It is when Thauberger’s projects frame the core of their narratives with singing and musical performance that this aspect becomes quite clear. Songs and singing often function as a way to communicate and create a spirit of cooperation, harmony, and reconciliation between people. However, the function of song is ironically taken to another level in Thauberger’s works at the same time. Invited to organize an art project on the border between San Diego and Tijuana by inSite, Thauberger produced Murphy Canyon Choir (2005) with a group of military spouses in San Diego in the largest military housing complex in the United States. They wrote a series of songs in collaboration with a professional composer and performed them in front of a military and art audience. One of the songs begins like this: “I am the wife of a hero/The pain I feel/You’ll never know/I am his wife/and I pray for his life/the wife of a hero.” What the performance poignantly exposes is not, as we might expect, their pain and loneliness in an isolated camp or their seemingly patriotic sacrifice of stoic heroism. Rather a very complex collision between the political, social, and individual elements around this community is revealed. What motivates them recite this eulogy? What do their husbands risk there lives for? What are their sources of solace and support? What relationship do we have with this community and with these modes of self-presentation? The choir’s song bombards us with all these conflicting questions, questions that cannot be answered during this affecting and almost embarrassingly confessional performance.
A virtually identical mechanism is found in the collaborative performance-based video work A Memory Lasts Forever (2004). In the video a group of four aspiring teenage actresses act out the story of the death of a dog by drowning in the middle of a drunken party. Around a swimming pool in a gated middleclass residential villa, each girl (some sporting bikinis) plays the protagonist in turn, presenting us with her own interpretation of and reaction to the traumatic accident. The same narrative is repeated four times, during which each girl performs a prayerful and pop/hymn-like song she has written and composed. These performances are filled with sincerity, and the repetition of difference suggests a kind of “social allegory” about the state of adolescence (or perhaps a more specifically North American version of youth culture) and the collective and individual (in)capacity to cope with trauma or loss. Willful gestures of mourning are rather hollow since they simply mimic the cultural codes that dictate how one should respond to such an event— that is, to be reflective and meek and seek solace in some higher power. Here singing turns out to be a tool for homogenizing and alienating the self. The camera shots, oscillating between MTV-like shift turn and rough documentary style, establish a tension between the individuality of the performers and the cultural codes that they (consciously or unconsciously) play out. In addition, the setting, which has the appearance of nature but is actually part of the highly artificial construction of suburbia, also suggests that the most natural of things is subject to the cultural codes that define behavior.
The tenuousness of a space upon which we can project individual dreams free from irony or cliché is also emphasized (in a somewhat brutal way) by Thauberger’s performancebased video work, Songstress (2002). The work presents eight young aspiring songstresses in self-styled costume, performing highly emotional and personal music of their own composition. These girls appear in turn in various natural landscapes, perform for the length of one song, and then disappear. Here the “natural landscape” has more in common the Romantic concept of nature as an idealized space where the true self emerges in solitude. However, the girls’ dancing and singing, though highly individualized, is also full of cliché and monotony. They seem to suggest that there is no pure locus or even an outlet for autonomy and freedom of the self, let alone the illusion of an intact and integrated community.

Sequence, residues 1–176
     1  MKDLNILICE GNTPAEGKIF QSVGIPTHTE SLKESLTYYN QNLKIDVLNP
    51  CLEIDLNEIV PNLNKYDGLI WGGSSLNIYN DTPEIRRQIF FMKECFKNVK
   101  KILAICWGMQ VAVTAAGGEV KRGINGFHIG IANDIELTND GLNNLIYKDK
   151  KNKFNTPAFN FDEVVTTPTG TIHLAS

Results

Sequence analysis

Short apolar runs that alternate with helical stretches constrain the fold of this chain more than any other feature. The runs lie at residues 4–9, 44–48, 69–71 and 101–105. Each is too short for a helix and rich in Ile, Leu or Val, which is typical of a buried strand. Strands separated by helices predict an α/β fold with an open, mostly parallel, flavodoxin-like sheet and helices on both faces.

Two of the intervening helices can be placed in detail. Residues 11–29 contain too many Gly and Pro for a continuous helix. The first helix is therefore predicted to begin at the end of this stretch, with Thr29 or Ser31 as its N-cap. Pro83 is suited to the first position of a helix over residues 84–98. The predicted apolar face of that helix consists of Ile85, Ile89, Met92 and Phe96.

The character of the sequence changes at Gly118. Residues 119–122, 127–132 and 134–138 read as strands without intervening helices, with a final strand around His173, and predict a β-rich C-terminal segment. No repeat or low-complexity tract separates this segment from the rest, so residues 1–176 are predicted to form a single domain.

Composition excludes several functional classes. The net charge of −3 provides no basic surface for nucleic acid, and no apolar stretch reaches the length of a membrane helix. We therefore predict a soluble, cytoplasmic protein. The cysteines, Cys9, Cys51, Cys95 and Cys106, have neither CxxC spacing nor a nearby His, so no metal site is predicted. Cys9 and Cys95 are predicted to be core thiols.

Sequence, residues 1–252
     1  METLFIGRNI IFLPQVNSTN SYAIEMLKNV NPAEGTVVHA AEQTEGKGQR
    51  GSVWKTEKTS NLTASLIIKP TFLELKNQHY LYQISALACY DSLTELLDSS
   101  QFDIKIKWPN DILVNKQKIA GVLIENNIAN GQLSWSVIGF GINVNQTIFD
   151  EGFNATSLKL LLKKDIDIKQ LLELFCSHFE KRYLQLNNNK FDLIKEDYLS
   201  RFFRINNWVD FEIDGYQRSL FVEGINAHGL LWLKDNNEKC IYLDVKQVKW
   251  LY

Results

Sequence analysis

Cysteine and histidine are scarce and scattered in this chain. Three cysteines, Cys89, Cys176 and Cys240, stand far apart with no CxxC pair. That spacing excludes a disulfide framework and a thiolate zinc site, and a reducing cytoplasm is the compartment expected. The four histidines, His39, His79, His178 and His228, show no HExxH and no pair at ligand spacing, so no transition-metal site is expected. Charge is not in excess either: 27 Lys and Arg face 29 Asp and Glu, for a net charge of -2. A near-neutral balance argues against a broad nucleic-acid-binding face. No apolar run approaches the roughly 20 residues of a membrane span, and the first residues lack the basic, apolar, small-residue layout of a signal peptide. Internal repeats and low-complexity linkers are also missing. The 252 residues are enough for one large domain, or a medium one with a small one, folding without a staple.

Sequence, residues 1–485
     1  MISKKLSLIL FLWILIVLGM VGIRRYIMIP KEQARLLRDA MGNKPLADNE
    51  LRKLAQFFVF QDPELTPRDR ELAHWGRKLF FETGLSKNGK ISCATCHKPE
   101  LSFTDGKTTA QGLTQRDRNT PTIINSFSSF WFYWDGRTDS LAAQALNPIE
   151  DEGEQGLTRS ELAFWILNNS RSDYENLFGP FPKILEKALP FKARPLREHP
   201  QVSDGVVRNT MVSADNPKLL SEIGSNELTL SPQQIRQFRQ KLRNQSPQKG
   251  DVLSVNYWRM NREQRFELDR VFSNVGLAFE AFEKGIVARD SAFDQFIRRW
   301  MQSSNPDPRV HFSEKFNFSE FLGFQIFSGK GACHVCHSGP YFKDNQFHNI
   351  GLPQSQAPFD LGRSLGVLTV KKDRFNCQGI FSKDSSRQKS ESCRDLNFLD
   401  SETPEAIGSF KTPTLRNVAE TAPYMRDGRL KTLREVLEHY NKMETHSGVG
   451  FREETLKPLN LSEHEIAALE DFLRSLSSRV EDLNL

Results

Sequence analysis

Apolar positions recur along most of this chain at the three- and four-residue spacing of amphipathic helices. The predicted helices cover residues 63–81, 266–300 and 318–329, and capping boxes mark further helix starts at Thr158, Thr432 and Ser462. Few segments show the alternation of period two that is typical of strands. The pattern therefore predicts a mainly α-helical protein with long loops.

Again this disenchantment coincides with what Thauberger’s work Northern (2005) illuminates. The film is the result of the artist’s collaboration with a group of tree planters in Alberta, Canada, who spend several months in a remote and isolated camp, trying to revive a part of nature that has been erased by the logging industry. The film starts with gradually moving close-up shots in a muddy, barren wasteland of stumps and upturned roots, set against the backdrop of a vast natural forest in the Canadian Rocky Mountains. We see a group of youths dressed in filthy work clothes and boots crumpled on the ground, limbs askew, all of whom look asleep, drugged, or worse, dead. Soon the noise of a helicopter breaks the stillness (and silence) of the scene, lands, and a young woman steps out. She approaches the group and initiates a serial “waking” of the people one by one, by shaking their bodies and calling the person’s name. As each person is revived, they join the group in waking the others, moving together in a mass and tangle of bodies, which, by the end of the film, recalls the scene in Gericault’s famous 1819 painting, The Raft of the Medusa. But, again, man’s proximity to nature does not inspire tranquillity and awe; rather it leaves us with a void of meaning as we wonder what happened to these people, what they are doing, and what message or warning they might want to share with us.
What does Thauberger intend with this particular type of collaboration and presentation? What is our response to the contrasting sincerity and theatricality seen in her work? Viewers may indeed pose such questions, perplexed by the disclosure of the vulnerability of the individuals and their (in)competence as a communal or political entity in her works. Counterintuitive as it may seem, the political potential of Thauberger’s work arises from this negative dimension. The embarrassment or discomfort we may feel when viewing Thauberger’s works can be seen rather a call to consider the pervasive constraints on life imposed on us today, not only by the media or politics, but also by one another. Furthermore, this experience of uncertainty is not necessarily the end, as we may recall from Beckett. It can usher in a state of “unkillability,” that is to say, the state where our life is not ruled by others and where we seize responsibility for carving out and exerting a new form of engagement with “our” life. In this way, Althea Thauberger’s practice, which may be called “community-based art,” throws us back onto ourselves: we are alone again. However, through this process we may become committed to thinking and performing a life together—despite the uncertainty and vulnerability of such an undertaking.
Binna Choi wishes to thank Sven Lütticken, Althea Thauberger, and Jill Winder for their critical reading of this text.